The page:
FORT LAUDERDALE/DAVIE, Fla. – With the recent celebration of the 50th anniversary of the Apollo program’s first landing of humans on the moon, the eyes and hopes of the world again turned skyward.
The romantic notions of exploring and even colonizing space have been re-kindled, with the above and more recent movies such as The Martian and the fictional planting of potatoes. The ambitious spirit is further spurred by private space enterprises such as Elon Musk’s SpaceX, Jeff Bezos’ Blue Origins, and the idea that we may need a “Planet B”, as our own planet’s natural habitats become more stressed and the human population exponentially increases.
Jose Lopez, Ph.D., a professor at Nova Southeastern University’s (NSU) Halmos College of Natural Sciences and Oceanography, has now joined the movement with a peer reviewed scientific opinion article calling for a rational and systematic approach to future space colonization of Mars or other planets. He and colleagues Raquel Peixoto and Alexandre Rosado from Federal University of Rio de Janeiro have just published the scientific opinion paper entitled “Space Colonization Beyond Earth with Microbes First” in the journal FEMS Microbiology Ecology:
Lopez is a research scientist and claims microbes would be a better immediate investment to successfully colonize the red planet.
“Life as we know it cannot exist without beneficial microorganisms,” he said. “They are here on our planet and help define symbiotic associations – the living together of multiple organisms to create a greater whole. To survive on a barren (and as far as all voyages to date tell us) sterile planets, we will have to take beneficial microbes with us. This will take time to prepare, discern and we are not advocating a rush to inoculate, but only after rigorous, systematic research on earth.”
Lopez and colleagues now assert that this rigorous microbial research agenda needs to be implemented for any future successful colonization of Mars. Moreover, microbes should probably supersede current ambitions to send people to Mars or other solar system locales, as they can condition or terraform places we may want to eventually colonize.
In the long run, the effort will save humanity money, can be life-sustaining and boost microbiological understanding.
However, to determine the most useful microbes for space requires a lot more research here on earth.
In the publication, the researchers encapsulate this idea into a potential research regime called PIP or “Proactive Inoculation Plan”, which encompasses the screening of potential hardy microbial candidates, toxic or lethal genes, and describing mechanisms for the most productive symbiosis.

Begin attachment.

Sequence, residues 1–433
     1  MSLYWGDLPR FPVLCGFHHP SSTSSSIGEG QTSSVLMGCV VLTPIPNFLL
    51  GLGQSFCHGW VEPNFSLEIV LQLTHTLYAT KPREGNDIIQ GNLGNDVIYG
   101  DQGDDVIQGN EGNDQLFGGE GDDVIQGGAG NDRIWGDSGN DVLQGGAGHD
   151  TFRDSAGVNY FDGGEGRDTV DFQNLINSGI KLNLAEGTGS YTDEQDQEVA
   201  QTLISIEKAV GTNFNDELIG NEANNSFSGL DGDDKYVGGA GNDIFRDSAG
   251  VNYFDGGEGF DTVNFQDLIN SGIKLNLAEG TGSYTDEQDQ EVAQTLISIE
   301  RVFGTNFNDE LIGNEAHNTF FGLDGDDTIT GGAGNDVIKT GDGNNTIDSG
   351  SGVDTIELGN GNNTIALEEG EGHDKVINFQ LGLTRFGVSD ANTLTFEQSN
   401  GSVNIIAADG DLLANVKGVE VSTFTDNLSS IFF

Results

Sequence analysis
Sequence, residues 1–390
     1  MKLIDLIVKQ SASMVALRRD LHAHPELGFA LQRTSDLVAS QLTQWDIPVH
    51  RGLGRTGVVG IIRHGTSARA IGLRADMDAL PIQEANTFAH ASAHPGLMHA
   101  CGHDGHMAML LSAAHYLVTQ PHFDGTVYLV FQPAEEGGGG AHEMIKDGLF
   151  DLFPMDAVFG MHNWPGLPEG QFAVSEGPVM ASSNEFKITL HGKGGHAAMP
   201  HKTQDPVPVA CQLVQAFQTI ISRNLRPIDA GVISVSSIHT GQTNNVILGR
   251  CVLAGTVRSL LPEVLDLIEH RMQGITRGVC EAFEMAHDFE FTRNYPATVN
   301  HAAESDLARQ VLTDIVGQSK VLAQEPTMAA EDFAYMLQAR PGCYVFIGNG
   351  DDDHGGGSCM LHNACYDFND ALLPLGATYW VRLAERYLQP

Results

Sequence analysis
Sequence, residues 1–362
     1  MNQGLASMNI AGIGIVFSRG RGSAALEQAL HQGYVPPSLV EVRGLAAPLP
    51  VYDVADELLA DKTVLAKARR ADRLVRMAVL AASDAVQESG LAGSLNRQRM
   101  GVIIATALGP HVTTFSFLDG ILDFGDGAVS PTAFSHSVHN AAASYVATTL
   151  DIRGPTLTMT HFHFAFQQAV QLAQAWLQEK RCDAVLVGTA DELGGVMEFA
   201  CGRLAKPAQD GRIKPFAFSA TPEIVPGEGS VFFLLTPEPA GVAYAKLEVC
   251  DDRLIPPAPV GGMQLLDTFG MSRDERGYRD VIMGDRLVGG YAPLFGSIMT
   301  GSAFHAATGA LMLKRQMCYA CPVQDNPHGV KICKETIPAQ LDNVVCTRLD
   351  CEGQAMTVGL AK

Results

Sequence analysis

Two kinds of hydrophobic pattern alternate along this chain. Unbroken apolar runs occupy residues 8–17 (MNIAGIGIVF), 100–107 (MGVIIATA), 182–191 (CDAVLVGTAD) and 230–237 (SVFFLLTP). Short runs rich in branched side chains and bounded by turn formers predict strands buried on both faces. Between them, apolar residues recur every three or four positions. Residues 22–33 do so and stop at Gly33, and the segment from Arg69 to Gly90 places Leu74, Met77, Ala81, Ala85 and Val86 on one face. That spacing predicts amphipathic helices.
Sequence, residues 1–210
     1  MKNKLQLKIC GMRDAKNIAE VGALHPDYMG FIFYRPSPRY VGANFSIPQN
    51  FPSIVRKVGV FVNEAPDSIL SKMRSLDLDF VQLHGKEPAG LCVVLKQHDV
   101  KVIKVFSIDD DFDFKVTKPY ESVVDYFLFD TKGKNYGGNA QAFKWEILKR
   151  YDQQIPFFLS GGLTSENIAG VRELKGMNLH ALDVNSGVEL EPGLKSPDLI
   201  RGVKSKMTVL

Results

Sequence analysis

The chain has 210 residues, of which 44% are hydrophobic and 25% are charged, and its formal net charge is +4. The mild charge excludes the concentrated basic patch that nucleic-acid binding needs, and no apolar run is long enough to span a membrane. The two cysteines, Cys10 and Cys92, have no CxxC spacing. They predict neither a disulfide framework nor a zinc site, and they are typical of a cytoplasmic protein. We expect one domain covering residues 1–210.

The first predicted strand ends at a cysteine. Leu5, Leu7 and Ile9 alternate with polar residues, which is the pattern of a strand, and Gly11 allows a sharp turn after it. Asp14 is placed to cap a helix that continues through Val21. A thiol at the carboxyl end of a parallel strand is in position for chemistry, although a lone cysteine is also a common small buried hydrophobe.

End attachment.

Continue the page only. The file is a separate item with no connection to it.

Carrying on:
“Life on earth started with relatively simple microorganisms which have the capacity to adapt and evolve to extreme conditions, which defined earth’s habitats in the ancient past,” Lopez said. “Cyanobacteria for example provided most of the oxygen we now breath more than two billion years ago. To the find the best microbial candidates, we will have to confer with many microbiologists and carry out research here on our home planet to find the optimal microbial species. “
About Nova Southeastern University (NSU): At NSU, students don’t just get an education, they get the competitive edge they need for real careers, real contributions and real life. A dynamic, private research university, NSU is providing high-quality educational and research programs at the undergraduate, graduate, and professional degree levels. Established in 1964, the university includes 16 colleges, the 215,000-square-foot Center for Collaborative Research, a private JK-12 grade school, the Mailman Segal Center (early childhood education) with specialists in Autism, the world-class NSU Art Museum Fort Lauderdale, and the Alvin Sherman Library, Research and Information Technology Center, one of Florida’s largest public libraries. NSU students learn at our campuses in Fort Lauderdale, Fort Myers, Jacksonville, Miami, Miramar, Orlando, Palm Beach, and Tampa, Florida, as well as San Juan, Puerto Rico, and online globally. Classified as having “high research activity” by the Carnegie Foundation for the Advancement of Teaching, NSU is one of only 50 universities nationwide to also be awarded Carnegie’s Community Engagement Classification, and is also the largest private institution in the United States that meets the U.S. Department of Education’s criteria as a Hispanic-serving Institution. Please visit www.nova.edu for more information.
About NSU’s Halmos College of Natural Sciences and Oceanography: The college provides high-quality undergraduate (bachelor’s degree) and graduate (master’s and doctoral degrees and certificates) education programs in a broad range of disciplines, including marine sciences, mathematics, biophysics, and chemistry. Researchers carry out innovative basic and applied research programs in coral reef biology, ecology, and geology; fish biology, ecology, and conservation; shark and billfish ecology; fisheries science; deep-sea organismal biology and ecology; invertebrate and vertebrate genomics, genetics, molecular ecology, and evolution; microbiology; biodiversity; observation and modeling of large-scale ocean circulation, coastal dynamics, and ocean atmosphere coupling; benthic habitat mapping; biodiversity; histology; and calcification. The college’s newest building is the state-of-the-art Guy Harvey Oceanographic Center, an 86,000-square-foot structure filled with laboratories; offices; seminar rooms; an auditorium; and indoor and outdoor running sea water facilities. Please visit cnso.nova.edu for more information.